PS: We recruit artists who would want to show their work or talent here, by attending art shows. Andre does a lot of this. And we do the same thing for musicians. But as we’ve had more shows and had more people come to them, we’ve met a lot of people and we’re at the point where we’re backlogged with people who want to showcase!
AB: Yup - we have to take numbers and call them up. But it’s a good thing.
SS: We hold a planning meeting a week after an event, and we gather our thoughts. What went wrong, what we could do for next time, look for dates, discuss what talents we want to showcase like a live band, comedy, art...and what our financial feasibilities are.
Is there one thing that people constantly say?
PS: People are surprised that it’s such an inviting and friendly atmosphere, and they say they consistently have a good time. It’s a great compliment to us. They see great art, great vibe, great people.
AB: A lot of artists we recruit here don’t have a lot of previous gallery experience. So it’s great that we have this positive energy going on that encourages them and makes them feel relaxed to show their art. They can answer any questions people have, and it’s just a very open feeling. And they come to us after the show and thank us, and most of the time they show at other galleries after us. So it’s really good for them, good for us.
So you can say that you provide a foundation for new artists. Is that one of your goals?
PS: For sure, one of them. I think we’re still looking for long-term goals. We have short-term goals, like doing workshops. And we just partnered with a new company, Space Invaders, so whether it be an Etsy party, wine tasting, book club, bar mitzvah...we can do all kinds of things with them. By partnering with a local business, we can accomplish more together.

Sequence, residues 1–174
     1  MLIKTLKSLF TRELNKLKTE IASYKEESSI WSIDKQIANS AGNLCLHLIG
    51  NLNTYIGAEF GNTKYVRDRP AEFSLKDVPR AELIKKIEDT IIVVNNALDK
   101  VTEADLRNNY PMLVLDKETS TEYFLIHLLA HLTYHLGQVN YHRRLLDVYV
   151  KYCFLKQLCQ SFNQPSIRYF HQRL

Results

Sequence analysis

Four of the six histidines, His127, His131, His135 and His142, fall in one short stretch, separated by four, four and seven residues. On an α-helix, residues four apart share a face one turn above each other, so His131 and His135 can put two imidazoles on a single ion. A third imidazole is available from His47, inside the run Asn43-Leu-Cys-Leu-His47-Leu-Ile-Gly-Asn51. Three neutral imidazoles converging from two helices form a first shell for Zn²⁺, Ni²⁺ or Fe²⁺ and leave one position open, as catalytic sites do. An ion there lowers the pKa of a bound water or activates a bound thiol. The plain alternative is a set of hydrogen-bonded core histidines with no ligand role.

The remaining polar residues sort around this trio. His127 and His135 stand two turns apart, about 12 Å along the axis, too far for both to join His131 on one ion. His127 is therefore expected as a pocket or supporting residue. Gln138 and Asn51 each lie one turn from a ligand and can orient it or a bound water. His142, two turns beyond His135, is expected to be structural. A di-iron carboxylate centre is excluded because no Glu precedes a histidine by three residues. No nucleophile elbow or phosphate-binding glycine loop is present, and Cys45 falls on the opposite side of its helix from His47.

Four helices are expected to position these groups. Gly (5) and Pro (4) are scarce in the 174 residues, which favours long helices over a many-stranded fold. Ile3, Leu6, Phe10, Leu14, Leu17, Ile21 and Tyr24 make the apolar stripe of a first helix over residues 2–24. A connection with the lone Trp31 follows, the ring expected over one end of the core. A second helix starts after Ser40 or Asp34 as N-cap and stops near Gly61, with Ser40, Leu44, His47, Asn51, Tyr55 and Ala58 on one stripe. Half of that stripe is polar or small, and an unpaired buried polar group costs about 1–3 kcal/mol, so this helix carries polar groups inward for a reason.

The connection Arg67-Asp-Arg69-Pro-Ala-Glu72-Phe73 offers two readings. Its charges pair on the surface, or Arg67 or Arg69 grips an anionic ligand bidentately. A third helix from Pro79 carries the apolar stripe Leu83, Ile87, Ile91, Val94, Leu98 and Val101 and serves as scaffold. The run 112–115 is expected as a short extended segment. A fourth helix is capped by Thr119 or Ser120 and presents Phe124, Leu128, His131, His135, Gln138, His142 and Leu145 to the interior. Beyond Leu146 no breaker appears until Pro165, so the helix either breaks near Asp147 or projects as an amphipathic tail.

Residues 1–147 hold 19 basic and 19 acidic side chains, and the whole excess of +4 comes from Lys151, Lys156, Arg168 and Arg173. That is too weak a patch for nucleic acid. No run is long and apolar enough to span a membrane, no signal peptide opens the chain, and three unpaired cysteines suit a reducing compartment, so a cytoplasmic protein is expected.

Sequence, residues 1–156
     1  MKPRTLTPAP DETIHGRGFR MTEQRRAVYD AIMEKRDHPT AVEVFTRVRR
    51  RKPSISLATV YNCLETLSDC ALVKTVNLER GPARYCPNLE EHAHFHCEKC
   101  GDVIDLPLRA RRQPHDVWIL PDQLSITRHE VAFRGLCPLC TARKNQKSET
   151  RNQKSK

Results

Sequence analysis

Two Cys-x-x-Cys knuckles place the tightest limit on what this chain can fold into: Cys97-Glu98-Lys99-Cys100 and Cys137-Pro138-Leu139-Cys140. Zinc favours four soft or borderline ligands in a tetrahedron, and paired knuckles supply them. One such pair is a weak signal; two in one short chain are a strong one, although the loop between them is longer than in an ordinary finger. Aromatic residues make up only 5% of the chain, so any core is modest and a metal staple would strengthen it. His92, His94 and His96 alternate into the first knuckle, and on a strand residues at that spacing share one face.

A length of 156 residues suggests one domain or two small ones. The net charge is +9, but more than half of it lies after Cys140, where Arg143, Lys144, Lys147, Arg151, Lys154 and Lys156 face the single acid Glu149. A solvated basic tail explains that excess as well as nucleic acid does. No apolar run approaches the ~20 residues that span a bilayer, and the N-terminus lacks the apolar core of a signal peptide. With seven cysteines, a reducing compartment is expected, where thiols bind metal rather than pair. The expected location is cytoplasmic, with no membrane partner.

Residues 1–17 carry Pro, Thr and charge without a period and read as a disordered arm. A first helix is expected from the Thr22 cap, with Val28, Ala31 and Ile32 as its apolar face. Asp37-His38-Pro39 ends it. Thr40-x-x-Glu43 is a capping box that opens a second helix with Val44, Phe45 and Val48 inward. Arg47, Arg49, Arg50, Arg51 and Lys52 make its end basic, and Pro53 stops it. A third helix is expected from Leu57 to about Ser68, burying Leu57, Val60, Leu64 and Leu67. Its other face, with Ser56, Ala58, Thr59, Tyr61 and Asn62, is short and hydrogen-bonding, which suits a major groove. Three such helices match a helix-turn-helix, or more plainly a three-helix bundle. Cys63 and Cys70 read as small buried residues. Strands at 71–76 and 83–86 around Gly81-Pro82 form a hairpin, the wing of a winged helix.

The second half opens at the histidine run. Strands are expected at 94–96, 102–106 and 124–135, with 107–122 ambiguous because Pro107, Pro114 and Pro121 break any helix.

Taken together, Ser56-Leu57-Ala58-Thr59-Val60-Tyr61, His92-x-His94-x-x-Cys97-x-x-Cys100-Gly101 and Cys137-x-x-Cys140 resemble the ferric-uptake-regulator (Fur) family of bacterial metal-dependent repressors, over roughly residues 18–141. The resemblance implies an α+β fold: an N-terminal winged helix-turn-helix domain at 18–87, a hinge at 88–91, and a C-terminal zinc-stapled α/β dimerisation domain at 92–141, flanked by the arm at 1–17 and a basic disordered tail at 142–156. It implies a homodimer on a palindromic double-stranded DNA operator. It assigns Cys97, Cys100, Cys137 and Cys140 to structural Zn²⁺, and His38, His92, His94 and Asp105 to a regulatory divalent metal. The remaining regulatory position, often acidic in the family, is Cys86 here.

Other goals include providing a safe, fun party and providing opportunities for new artists. We also always want to diversify and have a sense of freshness for each show. So sometimes we’ll get sculpture artists, or a blue grass bands one time and a jazz band the next, have photography. There’s enough that’s familiar here for people to come back, but we want to give people something new to look forward to every six weeks.
But we never know what’s going to happen in this area. So no matter what happens, as long as we have this space, we want to be a positive presence in this area.
What costs are involved when you run a show?
AB: We hire a server, bartender, bands, comedians, alcohol, liquor license, food, a bouncer...and we usually have a lighting company come in a set up lights.
Do you have job titles? Or how do you separate tasks?
AB: We always talk about what our permanent roles are but nothing is set in stone. One thing that’s consistent, though, is our online presence. Stacy does all our Facebook, Twitter and Instagram.
AB: I sometimes invite people through our social media channels but Stacy yells at me because I’ll forget someone. In all seriousness, most of the time I recruit artists and sell the place to them.
PS: The good thing about having the three of us do this project together is that if someone gets busy, for example, someone can take over. We rely on each other and that’s what’s good.
How do you balance your shows and your full-time jobs?
PS: Kale and smoothies. Six hours of sleep every night. But to be honest, we haven’t struggled to find “enthusiasm” because we’re always so excited to host. We carve out time when we can make time.
What advice do you have for people with aspiring goals for opening up a gallery or hosting shows?
AB: As with anything, you have to have passion. Also, working with good friends and having a supportive community is great.
SS: Just go for it. Do what you want, whether it turns out or not. You’ll be happy that you tried. If you fail, you learn from your mistakes, and you keep at it.
PS: This place that we’re in - I’ve really tried to use my own styles in terms of the paint job, artwork, furniture. So it’s been exciting to personalize the space. If someone has an opportunity to have control of a space, I think fusing it with their own personality will help them focus on what the place is and what it can offer. Those are important questions. If one can focus on the core goals, the rest will follow.
Look out for future Black Lodge art exhibitions and parties on their Facebook: https://www.facebook.com/TheBlackLodgeToronto?ref=...